Washington (AFP) - A raging pandemic. An economic crisis. A nation divided. Deep racial wounds. Joe Biden has his work cut out for him as he prepares to be sworn in as the 46th president of the United States on Wednesday. "What's unique for Biden is not so much the fact of crisis, it's the number of competing crises," said Mary Stuckey, a communications professor at Penn State University. Perhaps the biggest is the coronavirus pandemic, which has left some 400,000 Americans dead. "We have 4,000 Americans dying of Covid every day," said David Farber, a history professor at the University of Kan...
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'Oh my lord!' CNN legal analyst astounded by 'all the crimes' Trump and his lawyers could be charged with
Former President Donald Trump is facing a criminal investigation into whether he violated the Espionage Act, and CNN legal analyst Elliot Williams argued on Wednesday that Trump and his attorneys face exposure to a wide range of potential charges.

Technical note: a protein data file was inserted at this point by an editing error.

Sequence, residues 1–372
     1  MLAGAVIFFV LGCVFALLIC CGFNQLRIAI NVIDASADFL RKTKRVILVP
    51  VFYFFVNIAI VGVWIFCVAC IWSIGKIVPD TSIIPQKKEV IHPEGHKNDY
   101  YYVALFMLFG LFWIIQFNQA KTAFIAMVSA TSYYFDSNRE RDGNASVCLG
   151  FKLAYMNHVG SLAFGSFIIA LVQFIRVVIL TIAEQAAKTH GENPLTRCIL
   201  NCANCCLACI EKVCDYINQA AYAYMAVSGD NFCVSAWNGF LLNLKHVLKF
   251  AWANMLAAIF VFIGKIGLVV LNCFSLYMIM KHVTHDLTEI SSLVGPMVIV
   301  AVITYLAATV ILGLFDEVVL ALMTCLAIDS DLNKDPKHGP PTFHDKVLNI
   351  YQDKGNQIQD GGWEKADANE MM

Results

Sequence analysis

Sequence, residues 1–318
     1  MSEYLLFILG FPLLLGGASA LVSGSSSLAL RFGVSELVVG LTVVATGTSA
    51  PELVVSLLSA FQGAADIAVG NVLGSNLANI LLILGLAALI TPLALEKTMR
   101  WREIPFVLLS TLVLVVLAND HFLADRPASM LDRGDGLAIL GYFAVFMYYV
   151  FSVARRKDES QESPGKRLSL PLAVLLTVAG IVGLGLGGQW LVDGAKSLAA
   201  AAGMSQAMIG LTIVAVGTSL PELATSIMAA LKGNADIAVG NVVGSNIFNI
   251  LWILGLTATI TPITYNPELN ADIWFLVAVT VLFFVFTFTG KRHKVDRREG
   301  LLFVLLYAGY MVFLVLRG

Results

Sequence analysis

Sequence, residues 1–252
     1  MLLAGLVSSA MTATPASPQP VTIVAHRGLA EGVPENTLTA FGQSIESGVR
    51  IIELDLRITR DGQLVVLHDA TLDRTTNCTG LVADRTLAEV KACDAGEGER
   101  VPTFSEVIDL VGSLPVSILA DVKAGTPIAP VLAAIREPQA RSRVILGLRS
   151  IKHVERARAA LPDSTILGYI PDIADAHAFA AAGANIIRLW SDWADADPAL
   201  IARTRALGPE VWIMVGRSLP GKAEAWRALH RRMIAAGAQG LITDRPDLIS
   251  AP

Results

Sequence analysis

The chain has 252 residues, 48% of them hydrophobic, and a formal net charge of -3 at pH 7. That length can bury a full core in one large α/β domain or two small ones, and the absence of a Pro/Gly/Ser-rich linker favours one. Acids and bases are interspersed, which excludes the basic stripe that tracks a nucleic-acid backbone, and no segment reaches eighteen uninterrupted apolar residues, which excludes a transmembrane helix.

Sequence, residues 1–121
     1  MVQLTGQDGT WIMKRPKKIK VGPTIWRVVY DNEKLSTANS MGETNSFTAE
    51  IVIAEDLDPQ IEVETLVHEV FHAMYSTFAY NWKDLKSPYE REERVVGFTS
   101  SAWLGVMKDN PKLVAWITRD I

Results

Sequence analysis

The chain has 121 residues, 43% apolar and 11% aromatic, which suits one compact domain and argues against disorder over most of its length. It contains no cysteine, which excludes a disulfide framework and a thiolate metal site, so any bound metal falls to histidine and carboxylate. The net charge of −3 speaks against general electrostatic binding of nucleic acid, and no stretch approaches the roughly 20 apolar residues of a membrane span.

During a discussion about last week's FBI search of Mar-a-Lago that recovered top secret government documents, host John Berman quoted at length from a New York Times report that described behind-the-scenes actions that led up to the decision to execute a search warrant.
"Let me read another quote from Maggie Haberman's reporting that dealing with surveillance footage and the fact that they were alarmed with what they saw," Berman said. "'At that point at least one trump lawyer signed a statement saying material with the classified markings had been returned, according to four people familiar with the document, but officials used a subpoena to obtain surveillance footage of the hallway outside a storage room at Mar-a-Lago and saw something that alarmed them. They also received information from at least one witness who indicated that more material might remain at the residence."